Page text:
Outdoor Recreation

With July here, Summer is in full swing, and for those of us who love the heat, there’s plenty to be had in the summer sun. But as alluring as the outdoors is for many of us right now, spending time outside can be intimidating for some with accessibility issues. Here are some ways to enjoy accessible outdoor recreation adventures!

Easy Does It

Wheelchair Lift with with a boy with a wheelchair in Rocky MountAccessible outdoor recreation is often less about the what and more about the how. Enjoying the outdoors in a wheelchair or being inclusive of your loved ones with accessibility limitations means taking a little time to plan.

There’s no reason you can’t go out and take a walk. You just need to move a little slower and think about the terrain. Most city sidewalks will be optimal for taking a walk with a wheelchair or with someone who needs another form of mobility assistance. But even sidewalks can have obstacles.

If someone is new to using a wheelchair, you may want to pick somewhere without significant cracks or pieces missing from the sidewalk. You’ll also need to choose a place with a slope within the wheelchair user’s ability.

Finally, don’t forget that part of the point of your walk is enjoying the outdoors. So pick somewhere where there’s plenty to see – happy dogs and flowers will brighten anyone’s day!


And speaking of flowers, gardening can be a great accessibility inclusive activity for the whole family. While gardening can be a good form of exercise, it’s one that nearly anyone can do with the right help.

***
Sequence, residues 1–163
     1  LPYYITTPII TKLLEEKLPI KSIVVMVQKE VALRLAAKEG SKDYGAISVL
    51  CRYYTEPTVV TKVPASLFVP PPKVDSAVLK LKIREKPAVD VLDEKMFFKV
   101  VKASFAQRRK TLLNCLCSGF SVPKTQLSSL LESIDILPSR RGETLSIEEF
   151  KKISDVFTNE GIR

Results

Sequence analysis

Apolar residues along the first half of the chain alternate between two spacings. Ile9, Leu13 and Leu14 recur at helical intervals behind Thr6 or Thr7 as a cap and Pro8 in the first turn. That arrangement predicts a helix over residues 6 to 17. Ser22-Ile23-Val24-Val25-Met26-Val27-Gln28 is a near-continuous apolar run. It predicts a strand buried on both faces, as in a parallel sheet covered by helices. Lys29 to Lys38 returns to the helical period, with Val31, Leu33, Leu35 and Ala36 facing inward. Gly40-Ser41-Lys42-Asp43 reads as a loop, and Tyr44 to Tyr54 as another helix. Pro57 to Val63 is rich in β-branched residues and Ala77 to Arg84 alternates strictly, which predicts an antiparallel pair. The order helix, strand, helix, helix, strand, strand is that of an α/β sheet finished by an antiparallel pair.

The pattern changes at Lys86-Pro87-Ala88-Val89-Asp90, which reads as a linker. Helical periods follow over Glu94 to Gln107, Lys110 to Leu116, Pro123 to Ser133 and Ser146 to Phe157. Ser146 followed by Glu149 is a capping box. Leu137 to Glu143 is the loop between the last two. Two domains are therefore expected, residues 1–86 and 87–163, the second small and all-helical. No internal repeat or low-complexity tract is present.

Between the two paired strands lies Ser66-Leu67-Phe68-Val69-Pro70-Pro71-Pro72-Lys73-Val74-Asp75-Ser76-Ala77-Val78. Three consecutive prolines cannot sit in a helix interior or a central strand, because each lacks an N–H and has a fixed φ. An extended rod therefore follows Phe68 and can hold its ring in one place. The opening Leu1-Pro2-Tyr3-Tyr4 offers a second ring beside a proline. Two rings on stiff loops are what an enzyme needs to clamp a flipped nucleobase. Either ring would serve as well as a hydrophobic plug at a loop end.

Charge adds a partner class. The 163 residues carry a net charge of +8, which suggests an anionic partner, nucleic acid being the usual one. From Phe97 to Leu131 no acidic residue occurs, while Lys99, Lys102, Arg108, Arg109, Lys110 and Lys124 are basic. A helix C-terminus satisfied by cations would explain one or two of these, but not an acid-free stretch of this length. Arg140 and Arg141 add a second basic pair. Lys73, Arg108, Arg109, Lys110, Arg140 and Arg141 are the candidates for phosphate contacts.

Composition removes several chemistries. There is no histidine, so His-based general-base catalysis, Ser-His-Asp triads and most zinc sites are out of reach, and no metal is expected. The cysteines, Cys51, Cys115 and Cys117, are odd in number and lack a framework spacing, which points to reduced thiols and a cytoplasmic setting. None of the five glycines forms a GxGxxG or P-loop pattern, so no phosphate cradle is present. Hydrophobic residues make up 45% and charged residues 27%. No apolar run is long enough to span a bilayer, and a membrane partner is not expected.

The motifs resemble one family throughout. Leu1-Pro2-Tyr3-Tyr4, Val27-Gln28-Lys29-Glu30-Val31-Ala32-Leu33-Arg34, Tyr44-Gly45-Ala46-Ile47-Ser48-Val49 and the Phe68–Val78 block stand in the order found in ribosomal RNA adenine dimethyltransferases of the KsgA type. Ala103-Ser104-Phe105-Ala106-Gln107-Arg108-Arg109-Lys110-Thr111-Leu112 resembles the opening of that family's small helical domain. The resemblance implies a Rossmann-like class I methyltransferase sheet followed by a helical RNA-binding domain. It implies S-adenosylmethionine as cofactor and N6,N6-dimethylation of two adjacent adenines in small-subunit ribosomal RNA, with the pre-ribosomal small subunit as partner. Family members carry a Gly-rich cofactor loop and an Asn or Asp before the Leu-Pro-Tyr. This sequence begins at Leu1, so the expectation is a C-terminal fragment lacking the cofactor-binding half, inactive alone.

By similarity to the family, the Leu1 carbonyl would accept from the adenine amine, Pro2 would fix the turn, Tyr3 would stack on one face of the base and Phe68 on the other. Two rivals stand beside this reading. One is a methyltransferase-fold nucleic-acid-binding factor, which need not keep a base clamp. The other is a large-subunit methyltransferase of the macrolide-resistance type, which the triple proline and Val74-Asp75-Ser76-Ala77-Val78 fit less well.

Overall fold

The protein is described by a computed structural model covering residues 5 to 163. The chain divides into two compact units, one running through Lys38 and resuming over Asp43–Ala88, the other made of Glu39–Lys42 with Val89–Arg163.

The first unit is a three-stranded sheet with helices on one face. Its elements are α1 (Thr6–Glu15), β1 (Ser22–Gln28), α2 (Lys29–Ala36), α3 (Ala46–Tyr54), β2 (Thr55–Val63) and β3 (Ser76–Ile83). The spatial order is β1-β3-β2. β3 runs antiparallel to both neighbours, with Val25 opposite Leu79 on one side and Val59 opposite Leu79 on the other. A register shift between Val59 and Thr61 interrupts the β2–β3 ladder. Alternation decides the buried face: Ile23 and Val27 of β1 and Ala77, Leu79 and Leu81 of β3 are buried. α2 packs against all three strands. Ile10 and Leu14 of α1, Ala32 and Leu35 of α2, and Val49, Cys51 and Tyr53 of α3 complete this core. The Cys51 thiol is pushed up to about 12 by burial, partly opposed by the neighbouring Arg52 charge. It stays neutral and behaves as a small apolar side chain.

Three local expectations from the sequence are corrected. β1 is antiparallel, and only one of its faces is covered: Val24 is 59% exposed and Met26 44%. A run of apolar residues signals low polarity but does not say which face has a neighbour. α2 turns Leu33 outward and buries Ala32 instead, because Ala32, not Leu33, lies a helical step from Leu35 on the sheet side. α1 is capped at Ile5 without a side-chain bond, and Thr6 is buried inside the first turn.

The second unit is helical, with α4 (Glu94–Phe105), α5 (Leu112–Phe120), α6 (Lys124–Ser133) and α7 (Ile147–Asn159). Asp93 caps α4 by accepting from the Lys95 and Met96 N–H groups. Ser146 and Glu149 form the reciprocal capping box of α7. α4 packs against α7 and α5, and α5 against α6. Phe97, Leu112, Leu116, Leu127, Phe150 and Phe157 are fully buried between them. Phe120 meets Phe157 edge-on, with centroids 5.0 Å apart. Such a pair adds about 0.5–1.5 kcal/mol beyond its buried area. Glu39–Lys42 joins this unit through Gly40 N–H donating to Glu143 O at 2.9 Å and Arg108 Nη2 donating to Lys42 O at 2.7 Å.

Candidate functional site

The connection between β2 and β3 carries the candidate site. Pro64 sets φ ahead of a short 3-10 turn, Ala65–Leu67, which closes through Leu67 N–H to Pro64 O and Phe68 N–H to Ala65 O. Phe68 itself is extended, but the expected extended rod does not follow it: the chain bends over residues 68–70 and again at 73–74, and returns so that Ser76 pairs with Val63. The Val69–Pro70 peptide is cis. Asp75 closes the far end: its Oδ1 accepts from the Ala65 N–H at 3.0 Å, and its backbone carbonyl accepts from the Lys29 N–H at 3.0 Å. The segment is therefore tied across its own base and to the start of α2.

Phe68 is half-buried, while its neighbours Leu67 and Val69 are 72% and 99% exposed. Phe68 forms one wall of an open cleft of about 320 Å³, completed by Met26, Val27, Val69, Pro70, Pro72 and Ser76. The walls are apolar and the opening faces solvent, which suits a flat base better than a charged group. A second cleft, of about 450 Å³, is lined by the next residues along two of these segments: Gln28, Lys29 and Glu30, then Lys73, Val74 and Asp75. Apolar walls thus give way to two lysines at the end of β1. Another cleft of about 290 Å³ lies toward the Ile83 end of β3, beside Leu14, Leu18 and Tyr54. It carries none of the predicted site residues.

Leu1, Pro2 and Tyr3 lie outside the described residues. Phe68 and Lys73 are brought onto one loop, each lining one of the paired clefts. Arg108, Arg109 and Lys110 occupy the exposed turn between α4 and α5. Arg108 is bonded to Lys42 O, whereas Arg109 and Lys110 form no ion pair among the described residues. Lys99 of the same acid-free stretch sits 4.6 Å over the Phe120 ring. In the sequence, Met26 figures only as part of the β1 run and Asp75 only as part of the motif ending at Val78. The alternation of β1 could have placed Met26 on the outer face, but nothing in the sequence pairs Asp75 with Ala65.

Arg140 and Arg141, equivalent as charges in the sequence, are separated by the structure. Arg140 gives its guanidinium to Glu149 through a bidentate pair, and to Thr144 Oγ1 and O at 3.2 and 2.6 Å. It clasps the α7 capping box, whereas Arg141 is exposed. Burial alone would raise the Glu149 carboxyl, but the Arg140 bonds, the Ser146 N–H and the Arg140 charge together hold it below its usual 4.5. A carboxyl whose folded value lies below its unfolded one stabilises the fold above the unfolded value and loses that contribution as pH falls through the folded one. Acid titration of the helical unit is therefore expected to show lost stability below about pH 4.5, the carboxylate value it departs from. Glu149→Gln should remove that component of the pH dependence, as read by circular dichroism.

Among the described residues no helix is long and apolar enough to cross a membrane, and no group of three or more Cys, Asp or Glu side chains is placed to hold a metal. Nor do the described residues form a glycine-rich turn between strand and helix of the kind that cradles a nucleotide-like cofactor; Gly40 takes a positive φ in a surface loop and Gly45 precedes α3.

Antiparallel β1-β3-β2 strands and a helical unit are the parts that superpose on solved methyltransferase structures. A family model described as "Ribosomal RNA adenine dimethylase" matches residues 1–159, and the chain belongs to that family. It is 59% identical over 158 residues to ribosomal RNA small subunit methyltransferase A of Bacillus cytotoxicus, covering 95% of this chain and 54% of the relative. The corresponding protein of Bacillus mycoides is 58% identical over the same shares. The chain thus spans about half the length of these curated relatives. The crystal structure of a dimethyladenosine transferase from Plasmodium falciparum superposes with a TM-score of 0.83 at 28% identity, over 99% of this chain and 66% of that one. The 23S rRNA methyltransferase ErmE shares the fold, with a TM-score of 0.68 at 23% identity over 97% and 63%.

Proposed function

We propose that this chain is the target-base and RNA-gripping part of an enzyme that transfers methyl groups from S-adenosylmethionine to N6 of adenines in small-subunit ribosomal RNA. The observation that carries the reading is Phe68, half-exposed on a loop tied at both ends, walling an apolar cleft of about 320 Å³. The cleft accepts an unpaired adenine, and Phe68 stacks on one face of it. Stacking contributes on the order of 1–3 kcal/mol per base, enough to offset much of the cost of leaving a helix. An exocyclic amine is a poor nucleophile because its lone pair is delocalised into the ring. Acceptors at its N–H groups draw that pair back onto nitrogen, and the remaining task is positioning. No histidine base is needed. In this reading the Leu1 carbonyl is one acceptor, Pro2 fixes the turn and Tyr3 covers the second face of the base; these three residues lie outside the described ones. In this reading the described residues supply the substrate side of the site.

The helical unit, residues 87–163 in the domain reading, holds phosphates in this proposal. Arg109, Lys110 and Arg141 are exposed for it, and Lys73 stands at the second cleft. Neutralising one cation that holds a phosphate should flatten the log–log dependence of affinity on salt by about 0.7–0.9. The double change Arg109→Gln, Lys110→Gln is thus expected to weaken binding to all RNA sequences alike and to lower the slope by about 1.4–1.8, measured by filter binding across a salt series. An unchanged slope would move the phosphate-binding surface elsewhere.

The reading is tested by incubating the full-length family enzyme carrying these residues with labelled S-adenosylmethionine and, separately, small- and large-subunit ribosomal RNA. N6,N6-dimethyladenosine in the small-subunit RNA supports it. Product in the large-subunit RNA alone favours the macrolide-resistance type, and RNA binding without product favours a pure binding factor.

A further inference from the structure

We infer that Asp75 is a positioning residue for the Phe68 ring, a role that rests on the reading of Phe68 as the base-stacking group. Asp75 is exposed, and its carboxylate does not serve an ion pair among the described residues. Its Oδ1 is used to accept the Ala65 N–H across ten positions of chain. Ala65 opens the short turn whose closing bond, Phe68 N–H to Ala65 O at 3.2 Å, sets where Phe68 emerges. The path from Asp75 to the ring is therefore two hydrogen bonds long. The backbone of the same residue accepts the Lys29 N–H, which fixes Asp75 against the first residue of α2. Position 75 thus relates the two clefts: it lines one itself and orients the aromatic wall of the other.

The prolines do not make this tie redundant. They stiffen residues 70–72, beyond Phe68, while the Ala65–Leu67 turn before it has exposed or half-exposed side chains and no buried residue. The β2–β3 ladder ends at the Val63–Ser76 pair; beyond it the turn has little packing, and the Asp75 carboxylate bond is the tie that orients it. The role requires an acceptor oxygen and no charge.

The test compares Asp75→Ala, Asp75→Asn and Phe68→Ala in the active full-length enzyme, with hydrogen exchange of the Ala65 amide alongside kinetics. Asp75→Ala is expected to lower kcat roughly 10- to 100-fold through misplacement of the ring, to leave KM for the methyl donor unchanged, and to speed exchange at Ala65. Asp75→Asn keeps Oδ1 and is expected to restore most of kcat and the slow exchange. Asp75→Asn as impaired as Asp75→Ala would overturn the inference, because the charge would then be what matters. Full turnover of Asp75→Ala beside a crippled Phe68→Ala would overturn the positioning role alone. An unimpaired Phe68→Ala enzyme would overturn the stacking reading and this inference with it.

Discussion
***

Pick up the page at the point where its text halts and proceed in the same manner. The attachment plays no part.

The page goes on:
There are many ways to make gardening easier for those in wheelchairs or with other mobility limitations from tools that allow you to work while seated to garden seats and pads. Raised bed gardens are another option and can be built to the perfect height of the individual.

Perhaps best of all, gardening can be an excellent way for older relatives to share something they love with younger ones. Kids often love gardening – what kid doesn’t love dirt? – and it can give them an interest in nutrition.

Helping a relative garden can be meaningful for everyone involved and give each person a chance to contribute their own skills and abilities to the process.

Map Out Your Own Accessible Outdoor Recreation Adventures

There are many accessible outdoor recreation options that don’t necessarily come with an “accessibility” label. You’re only limited by your planning and creativity.

Some hiking trails are made so anyone can walk or roll along them. Just do a little research before embarking.

Playing with a pet in the backyard is also a fun, accessible outdoor recreation option. You can also play games like ring toss or corn hole. Even a drive in the country can lift spirits.

Leaving the House Is the First Leg of Accessible Outdoor Recreation

Of course, before you can enjoy the outside world, you must be able to safely enter and exit your own home and move freely about it. At ADL, we offer home accessibility options like stairlifts, wheelchair lifts, and more to make aging in place and improve the overall quality of life for individuals with accessibility limitations. Let us know how we can help!